There is evidence that optimal nutrition is fundamental to human health and in the prevention of non-communicable diseases (NCDs) later in adult life. The identification, production and consumption of functional foods worldwide can increase health benefits for all who can access and afford such foods subject to advice from nutritionists. Recent meetings organized by the health agencies, give a crucial opportunity to make nutrition, a central part of the post-2015 sustainable human and agricultural development agenda. The aim of discussions in these meetings was to provide functional crops and foods to achieve optimal health by prevention of NCDs. It is possible that these efforts might ensure that the goals and targets set in the agenda are adequate to address the many challenges of global undernutrition as well as obesity which are major risk factors of NCDs. In many developing and middle income countries, food security provided by the governments, in one sense understandably, gave least consideration to functional foods supply and the prevention of obesity and metabolic syndrome, resulting in to emergence of NCDs. The Thailand Declaration reiterates that commitments to eradicate hunger and undernutrition as well as over-nutrition, and to increase investments in effective interventions; designers foods and designers crops. However, in planning coherent policies, our past experience on rapidly absorbed, energy-rich processed foods should be taken in to account while developing sustainable food systems. The food industry should be educated to exploit the expertise of food scientists and health professionals in designing functional foods taking cognizance of manufacturing and processing. Similarly, agriculture scientists may be actively involved in educating farmers so as to grow cash crops providing functional foods. The aim should be to achieve an increase in the availability of functional foods to an extent, or by a policy, by which such foods are available to poors, at affordable cost to prevent hunger and undernutrition and related diseases as well as NCDs. In addition our efforts might help in developing an international consensus on how to approach the development of new designer foods by farmers and food industry to produce low glycemic index foods. Such efforts may establish an international framework for the prevention of NCDs, so that human susceptibility to these diseases is substantially diminished.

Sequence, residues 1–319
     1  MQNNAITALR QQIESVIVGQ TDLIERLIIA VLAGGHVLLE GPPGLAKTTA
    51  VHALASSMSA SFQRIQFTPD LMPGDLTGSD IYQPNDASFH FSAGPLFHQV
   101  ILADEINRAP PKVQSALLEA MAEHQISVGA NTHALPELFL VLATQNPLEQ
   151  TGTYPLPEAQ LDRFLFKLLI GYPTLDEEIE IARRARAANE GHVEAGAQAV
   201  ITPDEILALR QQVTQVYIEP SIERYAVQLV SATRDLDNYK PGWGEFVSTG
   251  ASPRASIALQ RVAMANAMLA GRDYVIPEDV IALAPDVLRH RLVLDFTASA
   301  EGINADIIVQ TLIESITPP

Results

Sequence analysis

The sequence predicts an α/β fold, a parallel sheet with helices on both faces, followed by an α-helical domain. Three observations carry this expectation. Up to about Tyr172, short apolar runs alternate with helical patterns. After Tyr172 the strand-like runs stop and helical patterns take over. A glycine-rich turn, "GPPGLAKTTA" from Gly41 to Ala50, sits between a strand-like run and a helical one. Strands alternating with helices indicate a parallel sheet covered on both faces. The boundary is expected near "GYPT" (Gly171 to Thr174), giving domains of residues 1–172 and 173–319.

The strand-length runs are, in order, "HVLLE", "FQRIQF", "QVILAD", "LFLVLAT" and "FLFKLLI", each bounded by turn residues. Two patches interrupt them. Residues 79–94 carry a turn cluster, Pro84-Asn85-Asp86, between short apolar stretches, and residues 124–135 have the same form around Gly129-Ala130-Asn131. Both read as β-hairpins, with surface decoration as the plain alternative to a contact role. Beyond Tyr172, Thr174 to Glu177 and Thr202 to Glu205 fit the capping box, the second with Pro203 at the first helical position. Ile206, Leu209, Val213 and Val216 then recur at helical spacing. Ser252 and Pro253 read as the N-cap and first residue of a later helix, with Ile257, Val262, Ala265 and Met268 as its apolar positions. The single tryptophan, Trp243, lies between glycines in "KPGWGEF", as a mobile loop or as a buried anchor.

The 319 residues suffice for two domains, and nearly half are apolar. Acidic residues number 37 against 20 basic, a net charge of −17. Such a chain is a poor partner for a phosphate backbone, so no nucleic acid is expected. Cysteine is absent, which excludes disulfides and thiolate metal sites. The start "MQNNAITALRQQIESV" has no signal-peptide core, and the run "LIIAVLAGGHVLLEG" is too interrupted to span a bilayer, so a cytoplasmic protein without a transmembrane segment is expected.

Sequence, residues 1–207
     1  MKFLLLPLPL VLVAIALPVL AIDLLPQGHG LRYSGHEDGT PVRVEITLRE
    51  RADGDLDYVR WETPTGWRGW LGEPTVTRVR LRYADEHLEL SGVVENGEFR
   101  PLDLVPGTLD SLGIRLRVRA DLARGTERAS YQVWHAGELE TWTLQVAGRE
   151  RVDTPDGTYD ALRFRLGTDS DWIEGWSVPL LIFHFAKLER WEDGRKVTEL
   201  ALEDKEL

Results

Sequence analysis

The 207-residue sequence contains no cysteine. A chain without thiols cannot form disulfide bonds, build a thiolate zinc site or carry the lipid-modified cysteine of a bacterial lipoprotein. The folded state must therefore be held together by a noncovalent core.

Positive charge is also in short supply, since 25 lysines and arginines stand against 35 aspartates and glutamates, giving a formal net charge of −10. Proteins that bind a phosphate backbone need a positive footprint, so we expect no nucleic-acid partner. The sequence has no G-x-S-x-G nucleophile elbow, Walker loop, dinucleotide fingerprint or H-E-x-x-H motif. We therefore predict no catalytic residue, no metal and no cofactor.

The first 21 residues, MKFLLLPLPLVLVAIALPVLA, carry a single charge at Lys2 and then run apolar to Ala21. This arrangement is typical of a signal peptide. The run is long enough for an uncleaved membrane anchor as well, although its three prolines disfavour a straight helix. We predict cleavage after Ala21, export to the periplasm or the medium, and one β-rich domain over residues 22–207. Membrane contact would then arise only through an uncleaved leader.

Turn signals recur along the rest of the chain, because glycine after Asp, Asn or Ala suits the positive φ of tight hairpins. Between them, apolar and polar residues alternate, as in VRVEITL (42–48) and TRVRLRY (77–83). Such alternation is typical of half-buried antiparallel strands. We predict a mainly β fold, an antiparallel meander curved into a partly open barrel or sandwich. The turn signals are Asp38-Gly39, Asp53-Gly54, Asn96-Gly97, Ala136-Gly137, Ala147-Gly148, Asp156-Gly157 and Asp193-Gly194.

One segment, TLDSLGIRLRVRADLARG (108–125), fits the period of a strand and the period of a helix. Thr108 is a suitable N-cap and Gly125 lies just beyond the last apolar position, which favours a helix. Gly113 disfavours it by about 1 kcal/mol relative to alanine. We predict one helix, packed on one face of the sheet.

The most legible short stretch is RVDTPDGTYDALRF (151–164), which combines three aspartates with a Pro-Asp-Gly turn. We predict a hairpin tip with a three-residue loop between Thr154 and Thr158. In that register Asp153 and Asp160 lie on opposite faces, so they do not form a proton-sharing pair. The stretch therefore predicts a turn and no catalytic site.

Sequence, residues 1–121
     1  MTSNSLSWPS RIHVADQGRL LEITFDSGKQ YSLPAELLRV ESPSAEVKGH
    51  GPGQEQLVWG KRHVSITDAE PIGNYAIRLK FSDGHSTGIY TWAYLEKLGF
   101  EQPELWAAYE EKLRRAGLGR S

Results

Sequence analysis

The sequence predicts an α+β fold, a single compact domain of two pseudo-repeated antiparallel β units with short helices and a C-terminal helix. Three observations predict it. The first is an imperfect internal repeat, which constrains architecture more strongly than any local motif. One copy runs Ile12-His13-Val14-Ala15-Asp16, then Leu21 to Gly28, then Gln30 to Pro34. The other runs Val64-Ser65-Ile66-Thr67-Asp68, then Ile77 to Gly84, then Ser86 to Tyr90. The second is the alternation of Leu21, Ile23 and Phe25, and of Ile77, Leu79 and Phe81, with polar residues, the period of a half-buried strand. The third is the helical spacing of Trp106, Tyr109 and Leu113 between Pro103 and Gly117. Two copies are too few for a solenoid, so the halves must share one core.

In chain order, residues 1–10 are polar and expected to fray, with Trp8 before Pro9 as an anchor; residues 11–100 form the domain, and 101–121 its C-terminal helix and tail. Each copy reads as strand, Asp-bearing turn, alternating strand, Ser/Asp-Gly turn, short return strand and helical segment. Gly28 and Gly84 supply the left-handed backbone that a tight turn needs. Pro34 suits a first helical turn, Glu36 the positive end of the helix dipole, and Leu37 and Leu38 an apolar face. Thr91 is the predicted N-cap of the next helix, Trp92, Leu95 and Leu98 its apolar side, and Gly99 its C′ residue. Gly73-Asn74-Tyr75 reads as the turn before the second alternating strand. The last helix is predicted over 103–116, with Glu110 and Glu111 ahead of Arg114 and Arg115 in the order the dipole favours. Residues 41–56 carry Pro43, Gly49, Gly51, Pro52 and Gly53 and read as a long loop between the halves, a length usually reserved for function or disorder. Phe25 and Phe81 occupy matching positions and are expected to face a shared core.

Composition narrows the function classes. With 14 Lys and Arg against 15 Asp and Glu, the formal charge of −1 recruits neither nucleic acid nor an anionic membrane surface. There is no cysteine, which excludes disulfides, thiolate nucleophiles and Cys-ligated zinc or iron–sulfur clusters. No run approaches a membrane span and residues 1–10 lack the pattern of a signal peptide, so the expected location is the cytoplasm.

ARTICLE | doi:10.20944/preprints202003.0442.v1
Subject: Engineering, Automotive Engineering Keywords: Terrain Referenced Navigation (TRN); Federated Filter; Interferometric Radar Altimeter (IRA); Batch Processing; Auxiliary Particle Filter; Digital Elevation Model (DEM); Captive Flight Test
Online: 31 March 2020 (04:29:41 CEST)
Autonomous unmanned aerial vehicles (UAVs) require highly reliable navigation information. Generally, navigation systems with the inertial navigation system (INS) and global navigation satellite system (GNSS) have been widely used. However, the GNSS is vulnerable to jamming and spoofing. The terrain referenced navigation (TRN) technique can be used to solve this problem. In this study, to obtain reliable navigation information even if a GNSS is not available or the degree of terrain roughness is not determined, we propose a federated filter based INS/GNSS/TRN integrated navigation system. we also introduce a TRN system that combines batch processing and an auxiliary particle filter to ensure stable flight of UAVs even in a long-term GNSS-denied environment. As an altimeter sensor for the TRN system, we use an interferometric radar altimeter (IRA) to obtain reliable navigation accuracy in high altitude flight. In addition, a parallel computing technique with general-purpose computing on graphics processing units (GPGPU) is applied to process a high resolution terrain database and a nonlinear filter in real time on board. Finally, we verify the performance of the proposed system through software-in-the-loop (SIL) tests and captive flight tests in a GNSS unavailable environment.